Adam Small: She was happy where she was, yeah.
Douglas Karr: You’re right, you’re absolutely right. Well curious at that point, this is the terrible question. But so then you die, what happens then? Is it that you’re basically your kids notify the mortgage lender?
Leeann Kearley: Yes, and then the lenders going to give them up to a year to market that house, sell it, and pay off the reverse mortgage. The mortgage isn’t going to be called due immediately. They understand that you need to make arrangements, and as long as you keep in contact and say heres a listing agreeing, I’m making an effort. It’s going to be fine, and then you pay off the mortgage like any other mortgage and the equity goes to the heirs.
Adam Small: They don’t necessarily have to pay off the mortgage, or I’m sorry. They do have to pay off the mortgage, but they don’t have to necessarily sell the home if they pay the mortgage off, is that correct?
Leeann Kearley: Good point, they could get a traditional mortgage and stay in that house.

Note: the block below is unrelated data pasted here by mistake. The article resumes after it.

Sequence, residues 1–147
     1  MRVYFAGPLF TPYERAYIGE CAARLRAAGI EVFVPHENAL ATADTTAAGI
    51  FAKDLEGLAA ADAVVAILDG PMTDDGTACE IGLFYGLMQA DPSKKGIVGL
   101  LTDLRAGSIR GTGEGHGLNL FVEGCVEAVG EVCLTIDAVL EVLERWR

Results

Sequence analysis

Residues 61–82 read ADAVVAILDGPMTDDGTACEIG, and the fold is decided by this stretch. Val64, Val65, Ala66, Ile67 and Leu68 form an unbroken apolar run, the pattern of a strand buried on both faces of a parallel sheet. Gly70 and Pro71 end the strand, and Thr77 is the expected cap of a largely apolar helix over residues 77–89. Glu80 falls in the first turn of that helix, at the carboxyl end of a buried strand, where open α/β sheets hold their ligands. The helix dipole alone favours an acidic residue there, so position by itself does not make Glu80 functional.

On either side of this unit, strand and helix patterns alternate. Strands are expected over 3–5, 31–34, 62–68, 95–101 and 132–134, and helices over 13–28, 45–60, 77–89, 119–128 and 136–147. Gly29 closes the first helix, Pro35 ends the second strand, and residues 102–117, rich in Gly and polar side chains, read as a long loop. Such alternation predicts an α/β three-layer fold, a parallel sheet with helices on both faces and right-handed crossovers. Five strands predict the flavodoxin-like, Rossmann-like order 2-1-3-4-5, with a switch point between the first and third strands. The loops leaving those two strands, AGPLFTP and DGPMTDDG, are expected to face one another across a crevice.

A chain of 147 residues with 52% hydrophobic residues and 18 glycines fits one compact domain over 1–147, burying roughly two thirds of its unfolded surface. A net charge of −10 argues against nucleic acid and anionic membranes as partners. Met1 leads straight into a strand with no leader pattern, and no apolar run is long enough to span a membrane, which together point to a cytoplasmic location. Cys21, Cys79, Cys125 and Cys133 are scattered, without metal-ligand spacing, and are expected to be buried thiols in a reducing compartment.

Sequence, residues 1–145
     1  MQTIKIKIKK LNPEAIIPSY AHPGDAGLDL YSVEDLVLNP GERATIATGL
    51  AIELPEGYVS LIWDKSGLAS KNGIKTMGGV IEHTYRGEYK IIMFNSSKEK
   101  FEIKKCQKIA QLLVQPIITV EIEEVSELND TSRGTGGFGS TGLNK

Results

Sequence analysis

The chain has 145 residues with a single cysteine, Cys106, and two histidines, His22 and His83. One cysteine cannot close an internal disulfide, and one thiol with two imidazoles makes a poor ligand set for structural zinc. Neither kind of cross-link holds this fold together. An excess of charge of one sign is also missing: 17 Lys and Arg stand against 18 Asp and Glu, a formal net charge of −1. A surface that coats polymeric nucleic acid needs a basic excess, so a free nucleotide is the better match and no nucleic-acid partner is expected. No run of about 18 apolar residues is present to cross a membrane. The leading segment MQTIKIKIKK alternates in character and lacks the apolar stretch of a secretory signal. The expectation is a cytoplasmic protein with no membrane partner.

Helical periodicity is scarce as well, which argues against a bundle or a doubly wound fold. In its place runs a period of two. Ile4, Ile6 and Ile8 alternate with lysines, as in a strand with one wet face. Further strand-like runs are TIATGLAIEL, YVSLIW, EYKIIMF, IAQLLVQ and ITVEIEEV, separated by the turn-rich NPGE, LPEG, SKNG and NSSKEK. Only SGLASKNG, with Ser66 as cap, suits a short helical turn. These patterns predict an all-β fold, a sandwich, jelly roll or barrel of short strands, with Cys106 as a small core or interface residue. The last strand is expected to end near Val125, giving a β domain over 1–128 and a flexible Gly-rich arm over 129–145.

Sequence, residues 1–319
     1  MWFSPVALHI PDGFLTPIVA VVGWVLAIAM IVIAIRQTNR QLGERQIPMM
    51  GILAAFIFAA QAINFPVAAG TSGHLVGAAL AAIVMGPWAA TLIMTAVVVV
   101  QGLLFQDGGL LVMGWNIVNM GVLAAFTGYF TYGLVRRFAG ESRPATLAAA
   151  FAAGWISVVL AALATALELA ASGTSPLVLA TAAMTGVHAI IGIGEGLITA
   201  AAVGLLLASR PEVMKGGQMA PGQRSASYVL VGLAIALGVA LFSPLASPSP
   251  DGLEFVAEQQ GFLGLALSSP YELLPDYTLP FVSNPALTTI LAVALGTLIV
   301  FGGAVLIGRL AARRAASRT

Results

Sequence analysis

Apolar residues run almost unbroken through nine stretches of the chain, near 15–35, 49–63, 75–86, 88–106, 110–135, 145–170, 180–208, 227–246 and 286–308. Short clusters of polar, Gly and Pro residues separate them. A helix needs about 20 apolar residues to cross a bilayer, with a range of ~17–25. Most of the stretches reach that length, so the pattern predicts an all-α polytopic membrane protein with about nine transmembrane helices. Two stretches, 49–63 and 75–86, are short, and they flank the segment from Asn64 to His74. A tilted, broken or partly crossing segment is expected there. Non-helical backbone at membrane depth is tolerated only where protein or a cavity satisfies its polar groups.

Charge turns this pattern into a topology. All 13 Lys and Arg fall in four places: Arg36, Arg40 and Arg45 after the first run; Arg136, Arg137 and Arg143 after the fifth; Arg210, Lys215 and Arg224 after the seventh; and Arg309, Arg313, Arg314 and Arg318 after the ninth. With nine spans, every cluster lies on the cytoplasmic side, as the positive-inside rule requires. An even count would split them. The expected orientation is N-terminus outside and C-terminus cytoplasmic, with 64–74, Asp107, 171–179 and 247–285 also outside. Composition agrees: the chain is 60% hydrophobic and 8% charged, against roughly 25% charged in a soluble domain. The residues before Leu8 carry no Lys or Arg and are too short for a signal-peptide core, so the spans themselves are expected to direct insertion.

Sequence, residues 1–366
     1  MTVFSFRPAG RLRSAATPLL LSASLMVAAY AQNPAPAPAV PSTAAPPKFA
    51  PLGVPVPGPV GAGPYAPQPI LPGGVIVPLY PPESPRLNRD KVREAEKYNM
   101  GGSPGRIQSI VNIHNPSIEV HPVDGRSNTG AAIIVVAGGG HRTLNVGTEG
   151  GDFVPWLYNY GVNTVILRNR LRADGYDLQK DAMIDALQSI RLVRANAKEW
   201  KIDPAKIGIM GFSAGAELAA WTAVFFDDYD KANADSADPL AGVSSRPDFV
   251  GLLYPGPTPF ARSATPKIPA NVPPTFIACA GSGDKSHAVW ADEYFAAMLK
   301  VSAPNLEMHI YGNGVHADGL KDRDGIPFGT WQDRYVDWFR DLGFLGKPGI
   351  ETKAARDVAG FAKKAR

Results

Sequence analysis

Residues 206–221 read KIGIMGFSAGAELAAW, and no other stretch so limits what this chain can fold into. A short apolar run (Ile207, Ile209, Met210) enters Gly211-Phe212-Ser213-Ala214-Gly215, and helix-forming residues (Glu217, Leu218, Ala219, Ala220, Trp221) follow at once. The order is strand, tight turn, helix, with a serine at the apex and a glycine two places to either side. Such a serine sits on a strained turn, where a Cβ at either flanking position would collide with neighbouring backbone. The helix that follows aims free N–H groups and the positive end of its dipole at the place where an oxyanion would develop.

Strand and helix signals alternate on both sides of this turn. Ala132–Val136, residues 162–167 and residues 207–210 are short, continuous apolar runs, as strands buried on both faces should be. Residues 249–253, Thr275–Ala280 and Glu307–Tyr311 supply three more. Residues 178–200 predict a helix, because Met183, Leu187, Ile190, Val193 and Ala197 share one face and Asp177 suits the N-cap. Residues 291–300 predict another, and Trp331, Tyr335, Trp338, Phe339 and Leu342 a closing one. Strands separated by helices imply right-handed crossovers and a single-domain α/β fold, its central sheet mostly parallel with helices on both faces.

Adam Small: Right, okay.
Leeann Kearley: If it’s the family homestead, and they don’t want to lose it. They can keep the home, but they have to pay off the reverse, because the reverse was in-
Adam Small: It’s a debt that’s owed, right?
Leeann Kearley: Yeah.
Adam Small: Yeah, exactly.
Leeann Kearley: And it was based on that one persons life expectancy.
Adam Small: But if they’re able and capable of getting a mortgage, then they can keep the home and continue on, right?
Leeann Kearley: Absolutely.
Adam Small: Right, right. Cool, very cool. So you used the example with the man whose wife had diabetes. Do you have another example that wouldn’t necessarily be medically related, that would kind of illustrates how it could benefit somebody.